‘Get back to work’: Habitat for Humanity CEO remarks on Jimmy Carter’s legendary work ethic

Former President Jimmy Carter, who at 98 years old is the longest-lived American president, has entered home hospice care in Georgia.

His name will forever be tied to politics in the U.S., a moderate Democrat who served the 39th presidency term as an "outsider" in the wake of the Vietnam War and the Watergate scandal. But his name is also synonymous for many with the nonprofit organization Habitat for Humanity. 

Carter and his wife, Rosalynn, have worked extensively with Habitat for decades. In fact, his volunteering has become so enmeshed with the organization that many people believe he founded it. 

Rosalynn died on Nov. 19 at her home in Plains, Georgia, at the age of 96.

"One of the myths about Habitat is that President Carter started and runs Habitat, which is actually not true," Habitat’s CEO Jonathan Reckford told LiveNOW from FOX with a smile. 


Former US president Jimmy Carter helps build a house as he visits the construction site of houses being built by Carter's Habitat for Humanity foundation for victims of the January 2010 earthquake in Leogane, 33km south of Port-au-Prince, on November

Habitat was founded in 1976 — the same year Carter was elected president. Carter served a single, tumultuous term and was defeated by Ronald Reagan in 1980. Four years later, the former president and first lady embarked on their first Habitat mission. 

"The president and Mrs. Carter went up with a busload of volunteers to New York City, slept in a church basement and worked on rehabbing a tenement building on the lower east side of Manhattan," Reckford said. "And no one had ever seen a global leader behave like that."

Reckford spoke with LiveNOW from FOX to share some stories from Carter’s time volunteering with the organization, including the time he and Rosalynn gave up their room for a couple that was honeymooning, and the time he helped a father and son install a toilet.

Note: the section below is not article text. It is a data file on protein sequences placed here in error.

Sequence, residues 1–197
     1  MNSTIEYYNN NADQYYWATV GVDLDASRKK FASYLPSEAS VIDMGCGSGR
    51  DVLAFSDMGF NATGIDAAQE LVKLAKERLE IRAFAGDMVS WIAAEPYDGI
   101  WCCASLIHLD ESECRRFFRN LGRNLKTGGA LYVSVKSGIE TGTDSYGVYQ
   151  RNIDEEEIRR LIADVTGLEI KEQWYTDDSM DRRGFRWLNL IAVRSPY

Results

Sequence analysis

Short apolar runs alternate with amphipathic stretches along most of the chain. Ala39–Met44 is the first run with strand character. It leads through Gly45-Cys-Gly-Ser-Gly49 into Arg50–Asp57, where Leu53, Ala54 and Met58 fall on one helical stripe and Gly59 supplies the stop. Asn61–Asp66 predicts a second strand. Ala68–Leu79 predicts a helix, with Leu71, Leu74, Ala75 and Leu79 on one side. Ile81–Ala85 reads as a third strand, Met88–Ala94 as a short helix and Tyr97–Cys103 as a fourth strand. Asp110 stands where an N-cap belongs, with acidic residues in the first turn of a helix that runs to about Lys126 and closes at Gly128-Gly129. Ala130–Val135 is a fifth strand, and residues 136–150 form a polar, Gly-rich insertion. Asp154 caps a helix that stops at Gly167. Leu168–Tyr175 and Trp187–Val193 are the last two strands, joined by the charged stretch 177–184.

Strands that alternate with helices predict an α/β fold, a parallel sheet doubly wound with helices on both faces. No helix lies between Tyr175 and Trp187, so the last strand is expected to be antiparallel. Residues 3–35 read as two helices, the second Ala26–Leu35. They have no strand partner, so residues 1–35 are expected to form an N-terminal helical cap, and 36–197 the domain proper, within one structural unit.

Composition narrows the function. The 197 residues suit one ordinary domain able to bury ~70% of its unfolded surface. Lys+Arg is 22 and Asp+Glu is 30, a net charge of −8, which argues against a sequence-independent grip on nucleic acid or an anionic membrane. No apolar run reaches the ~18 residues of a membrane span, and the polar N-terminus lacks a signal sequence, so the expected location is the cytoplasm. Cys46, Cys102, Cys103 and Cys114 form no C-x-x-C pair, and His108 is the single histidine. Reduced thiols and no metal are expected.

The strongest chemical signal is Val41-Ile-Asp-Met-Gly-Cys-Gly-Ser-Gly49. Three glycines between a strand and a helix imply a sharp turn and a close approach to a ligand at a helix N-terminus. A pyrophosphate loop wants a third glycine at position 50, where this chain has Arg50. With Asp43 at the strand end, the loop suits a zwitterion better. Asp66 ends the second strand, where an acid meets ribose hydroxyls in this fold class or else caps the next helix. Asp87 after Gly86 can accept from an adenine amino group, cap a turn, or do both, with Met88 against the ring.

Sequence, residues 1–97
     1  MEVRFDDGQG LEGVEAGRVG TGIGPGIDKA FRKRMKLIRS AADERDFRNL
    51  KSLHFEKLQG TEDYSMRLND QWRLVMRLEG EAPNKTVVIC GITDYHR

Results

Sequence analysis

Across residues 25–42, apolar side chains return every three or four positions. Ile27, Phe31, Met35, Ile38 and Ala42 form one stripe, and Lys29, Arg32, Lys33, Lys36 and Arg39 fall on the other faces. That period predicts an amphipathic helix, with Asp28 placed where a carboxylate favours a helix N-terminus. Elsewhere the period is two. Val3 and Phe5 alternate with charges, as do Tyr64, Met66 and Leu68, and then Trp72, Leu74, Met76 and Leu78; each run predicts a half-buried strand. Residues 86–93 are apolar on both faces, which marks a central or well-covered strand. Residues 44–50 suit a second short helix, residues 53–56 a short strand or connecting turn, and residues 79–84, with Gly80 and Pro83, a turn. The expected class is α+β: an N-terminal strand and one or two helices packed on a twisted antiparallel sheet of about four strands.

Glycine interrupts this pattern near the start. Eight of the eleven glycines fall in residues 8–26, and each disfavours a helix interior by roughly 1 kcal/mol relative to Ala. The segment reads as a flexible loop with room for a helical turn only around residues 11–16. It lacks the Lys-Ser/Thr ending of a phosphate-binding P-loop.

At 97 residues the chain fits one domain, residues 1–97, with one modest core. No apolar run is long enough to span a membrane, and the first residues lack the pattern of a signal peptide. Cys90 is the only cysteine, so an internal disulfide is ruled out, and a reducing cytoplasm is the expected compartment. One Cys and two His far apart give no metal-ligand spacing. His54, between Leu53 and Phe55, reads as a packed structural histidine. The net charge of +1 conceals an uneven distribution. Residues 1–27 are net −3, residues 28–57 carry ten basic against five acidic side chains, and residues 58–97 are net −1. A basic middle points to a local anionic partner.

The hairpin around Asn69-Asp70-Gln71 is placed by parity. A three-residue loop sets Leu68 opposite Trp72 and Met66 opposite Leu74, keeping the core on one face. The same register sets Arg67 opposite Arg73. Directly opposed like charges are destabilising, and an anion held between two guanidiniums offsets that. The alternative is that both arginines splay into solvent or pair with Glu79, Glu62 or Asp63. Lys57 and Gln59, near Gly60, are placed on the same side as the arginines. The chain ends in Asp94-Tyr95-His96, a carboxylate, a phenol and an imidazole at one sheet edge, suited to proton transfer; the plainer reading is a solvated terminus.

You can hear the stories in the video interview above. 

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Carter traveled extensively into his 80s and early 90s on the annual trips to build homes with Habitat for Humanity despite his health slowing down.

In August 2015, Carter had a small cancerous mass removed from his liver. The following year, Carter announced that he needed no further treatment, as an experimental drug had eliminated any sign of cancer.

Over the weekend, it was announced that, after a series of short hospital stays, Carter had "decided to spend his remaining time at home with his family and receive hospice care instead of additional medical intervention."

The Carter Center hasn’t elaborated on Carter’s health or current condition. 

RELATED: Former President Jimmy Carter enters hospice care, Carter Center says

"I remember I was carrying a board or something with him when he was probably 93 and still going strong. And he did make the comment, ‘You know, this isn’t quite as much fun as back when I was 80,’" Reckford laughed, commenting on Carter’s "legendary work ethic" and "relentless focus."

"Everyone always wants to work on ‘the Carter house.’ It might be 100 houses we’re building and everyone always wants to be on the Carter house. And I always warn them, ‘Be careful. If you want to be on his house you’re going to have to work really hard. There’s no resting, there’s no photo ops; it’s all about work,’" Reckford said. 


Former president Jimmy Carter and his wife, Rosalynn, work on building a home during Habitat for Humanity's Carter Work Project event in the Globeville Neighborhood in Denver, October 09, 2013. (Photo By RJ Sangosti/The Denver Post via Getty Images)

Reckford recalled a time when Carter was in his late 80s and got overheated on a project right before a media briefing. Carter wasn’t able to attend as he was still being medically assessed, and Reckford asked Carter what he would like him to tell the media about why Carter wasn’t present. 

"And he said, ‘Tell them I’m fine and get back to work,’" Reckford said with a smile. 

"I remember talking with him after he was diagnosed with cancer and he was so at peace. You know, he didn’t want to die but his faith was strong and he was OK," Reckford continued, "and I think, you know, he lived an extraordinary life and I hate the idea of losing his presence here, but I think he’s OK and I think his message to everyone is, ‘I’m fine. Get back to work.’"

This story was reported from Detroit. This story has been updated Nov. 28, 2023